A term that is often used in the field of psychology, perseveration describes the uncontrollable repetition of a word, phrase, or gesture due to an organic mental illness such as Prader-Willi Syndrome in children, or traumatic brain injury (TBI) in adults. Even when a stimulus in the environment has been removed or stopped, the individual may continue to display actions of perseveration. The word perseveration is related to the word "perserverance," which is the act or instance of repetition.
The inability of ceasing a particular action can range in type. In any of the cases, the individual enters or continues a train of thought that is narrowly focused; in a sense, having tunnel vision. This focus could be on anything from a simple idea to a complex problem. Even if the original problem solving strategy is not the working, the person may not be able to change planes of thinking, suggesting a disability in abstract reasoning. This condition is measurable with the Wisconsin Card Sorting Test.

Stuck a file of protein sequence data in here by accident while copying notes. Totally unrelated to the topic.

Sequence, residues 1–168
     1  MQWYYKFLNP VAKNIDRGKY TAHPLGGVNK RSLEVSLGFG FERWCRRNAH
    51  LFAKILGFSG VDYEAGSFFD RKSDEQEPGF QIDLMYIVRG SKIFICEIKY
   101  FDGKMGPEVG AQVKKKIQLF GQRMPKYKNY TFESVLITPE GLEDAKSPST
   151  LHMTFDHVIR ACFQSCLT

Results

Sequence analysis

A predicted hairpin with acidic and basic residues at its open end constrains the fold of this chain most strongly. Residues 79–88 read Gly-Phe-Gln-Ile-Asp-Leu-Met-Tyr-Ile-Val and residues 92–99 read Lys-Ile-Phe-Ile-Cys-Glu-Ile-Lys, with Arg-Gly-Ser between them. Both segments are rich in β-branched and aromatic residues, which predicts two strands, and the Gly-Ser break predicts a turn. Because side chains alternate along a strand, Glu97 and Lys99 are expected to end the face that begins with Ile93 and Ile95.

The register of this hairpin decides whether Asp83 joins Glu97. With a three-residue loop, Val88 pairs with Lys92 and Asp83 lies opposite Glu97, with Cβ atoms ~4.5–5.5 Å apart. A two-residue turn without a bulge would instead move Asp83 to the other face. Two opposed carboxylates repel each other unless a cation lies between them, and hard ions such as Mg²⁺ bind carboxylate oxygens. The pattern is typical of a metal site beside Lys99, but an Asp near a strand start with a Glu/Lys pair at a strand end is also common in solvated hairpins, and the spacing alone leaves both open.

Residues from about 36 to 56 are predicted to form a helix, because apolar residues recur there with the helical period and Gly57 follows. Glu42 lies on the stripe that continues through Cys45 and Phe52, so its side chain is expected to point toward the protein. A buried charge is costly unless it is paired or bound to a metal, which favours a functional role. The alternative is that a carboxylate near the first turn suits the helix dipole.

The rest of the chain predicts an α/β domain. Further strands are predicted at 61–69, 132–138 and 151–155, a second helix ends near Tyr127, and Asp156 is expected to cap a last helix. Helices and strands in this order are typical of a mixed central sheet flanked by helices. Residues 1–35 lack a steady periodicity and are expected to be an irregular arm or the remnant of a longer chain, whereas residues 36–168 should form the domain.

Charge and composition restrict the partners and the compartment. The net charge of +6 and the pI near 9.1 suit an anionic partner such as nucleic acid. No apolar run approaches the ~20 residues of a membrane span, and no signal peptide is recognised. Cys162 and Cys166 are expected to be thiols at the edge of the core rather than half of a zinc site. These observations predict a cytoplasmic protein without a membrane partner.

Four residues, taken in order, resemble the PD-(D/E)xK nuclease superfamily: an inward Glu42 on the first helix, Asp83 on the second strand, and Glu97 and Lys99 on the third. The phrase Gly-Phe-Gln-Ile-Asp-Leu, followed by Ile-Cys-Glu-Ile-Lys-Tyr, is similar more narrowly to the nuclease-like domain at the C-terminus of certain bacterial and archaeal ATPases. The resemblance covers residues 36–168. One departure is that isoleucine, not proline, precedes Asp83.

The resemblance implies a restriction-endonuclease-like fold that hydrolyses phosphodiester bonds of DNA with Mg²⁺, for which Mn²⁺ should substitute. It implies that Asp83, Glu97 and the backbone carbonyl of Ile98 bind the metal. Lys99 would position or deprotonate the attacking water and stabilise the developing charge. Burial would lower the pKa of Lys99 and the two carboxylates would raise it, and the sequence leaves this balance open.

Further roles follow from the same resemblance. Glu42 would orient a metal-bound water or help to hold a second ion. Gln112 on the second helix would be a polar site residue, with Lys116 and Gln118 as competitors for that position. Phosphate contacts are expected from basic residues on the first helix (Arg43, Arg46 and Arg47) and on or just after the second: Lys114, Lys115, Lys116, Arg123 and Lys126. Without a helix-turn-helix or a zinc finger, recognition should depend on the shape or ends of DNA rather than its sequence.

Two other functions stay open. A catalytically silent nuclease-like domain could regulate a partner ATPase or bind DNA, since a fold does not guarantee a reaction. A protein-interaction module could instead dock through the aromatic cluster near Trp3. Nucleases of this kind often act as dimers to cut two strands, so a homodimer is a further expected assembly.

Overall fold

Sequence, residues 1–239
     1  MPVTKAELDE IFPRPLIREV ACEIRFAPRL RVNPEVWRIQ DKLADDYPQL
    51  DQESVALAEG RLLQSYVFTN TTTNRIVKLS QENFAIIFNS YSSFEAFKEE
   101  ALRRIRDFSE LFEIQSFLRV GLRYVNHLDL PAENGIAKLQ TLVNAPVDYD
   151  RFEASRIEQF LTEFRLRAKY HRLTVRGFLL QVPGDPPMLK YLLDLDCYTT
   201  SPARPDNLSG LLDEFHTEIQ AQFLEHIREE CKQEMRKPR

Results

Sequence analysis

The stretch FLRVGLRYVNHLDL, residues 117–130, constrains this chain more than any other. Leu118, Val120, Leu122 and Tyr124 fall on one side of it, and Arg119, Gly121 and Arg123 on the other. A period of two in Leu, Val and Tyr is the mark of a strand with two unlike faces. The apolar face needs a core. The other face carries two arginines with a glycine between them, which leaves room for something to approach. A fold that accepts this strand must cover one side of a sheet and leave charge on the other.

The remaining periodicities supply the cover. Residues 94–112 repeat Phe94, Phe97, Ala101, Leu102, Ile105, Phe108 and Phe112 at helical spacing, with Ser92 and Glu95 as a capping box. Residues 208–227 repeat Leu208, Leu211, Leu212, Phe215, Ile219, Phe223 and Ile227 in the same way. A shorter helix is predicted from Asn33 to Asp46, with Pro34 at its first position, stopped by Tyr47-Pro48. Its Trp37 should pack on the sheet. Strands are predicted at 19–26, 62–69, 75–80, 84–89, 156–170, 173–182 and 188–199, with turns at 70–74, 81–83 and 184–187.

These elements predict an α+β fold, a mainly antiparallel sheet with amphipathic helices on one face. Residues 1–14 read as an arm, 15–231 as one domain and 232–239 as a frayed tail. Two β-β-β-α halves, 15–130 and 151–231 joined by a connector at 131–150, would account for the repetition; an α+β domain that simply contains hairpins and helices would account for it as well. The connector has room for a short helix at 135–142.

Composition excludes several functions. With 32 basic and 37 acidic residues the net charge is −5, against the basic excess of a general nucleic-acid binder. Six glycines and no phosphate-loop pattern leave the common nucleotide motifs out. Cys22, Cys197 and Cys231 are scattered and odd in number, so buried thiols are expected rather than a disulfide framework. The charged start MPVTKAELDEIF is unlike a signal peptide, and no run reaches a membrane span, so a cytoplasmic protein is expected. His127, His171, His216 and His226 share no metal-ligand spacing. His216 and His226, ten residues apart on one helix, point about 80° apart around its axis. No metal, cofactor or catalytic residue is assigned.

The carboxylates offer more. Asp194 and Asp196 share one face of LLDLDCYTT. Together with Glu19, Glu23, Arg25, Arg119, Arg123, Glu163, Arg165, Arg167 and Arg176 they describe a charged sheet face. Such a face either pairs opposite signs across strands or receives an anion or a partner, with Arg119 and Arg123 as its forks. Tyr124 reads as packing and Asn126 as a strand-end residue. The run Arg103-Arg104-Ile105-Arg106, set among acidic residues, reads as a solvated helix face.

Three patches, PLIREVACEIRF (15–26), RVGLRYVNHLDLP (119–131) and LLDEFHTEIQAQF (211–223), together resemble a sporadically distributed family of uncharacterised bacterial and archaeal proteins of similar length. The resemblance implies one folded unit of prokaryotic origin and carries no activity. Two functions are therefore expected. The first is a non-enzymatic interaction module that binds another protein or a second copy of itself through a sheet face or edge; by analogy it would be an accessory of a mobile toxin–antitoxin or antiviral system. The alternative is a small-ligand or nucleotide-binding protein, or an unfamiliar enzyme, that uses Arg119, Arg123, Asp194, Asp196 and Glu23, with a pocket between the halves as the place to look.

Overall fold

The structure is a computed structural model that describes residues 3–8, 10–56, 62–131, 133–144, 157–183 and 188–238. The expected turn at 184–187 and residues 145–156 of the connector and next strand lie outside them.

Neurologists have found that individuals who display perseveration often suffer from developmental abnormalities or injury to the brain's frontal lobe. The extent of perseveration ranges from organic illness to brain injury and illicit drug use. Some of these neurological conditions include but are not limited to dementia, obsessive-compulsive disorder, Tourette's syndrome, and catatonia. While the word perseveration has been integrated into mainstream usage, the word itself is distinguished from similar ones such as obsession or compulsion. A person with perseveration may actually enjoy the repetitive activities he or she is engaging in. The term obsession or compulsion is used when such activities become both undesirable actions and unstoppable.
Depending on the magnitude of perseveration, corrective actions can be taken to prevent the condition from getting worse. Treatments range from behavioral and cognitive strategies to medication. During childhood when perseveration mostly affects teachers and peers, experts suggest using techniques in diversion and behavioral management to adjust the issue. Management techniques include changing the subject in a conversation, setting time limits, confirming the answer, or simply saying "I don't know" to put an end to persistent questioning. Experts also suggest that teachers and parents teach children the correct, acceptable social exchange patterns, in order to set a standard for future reference.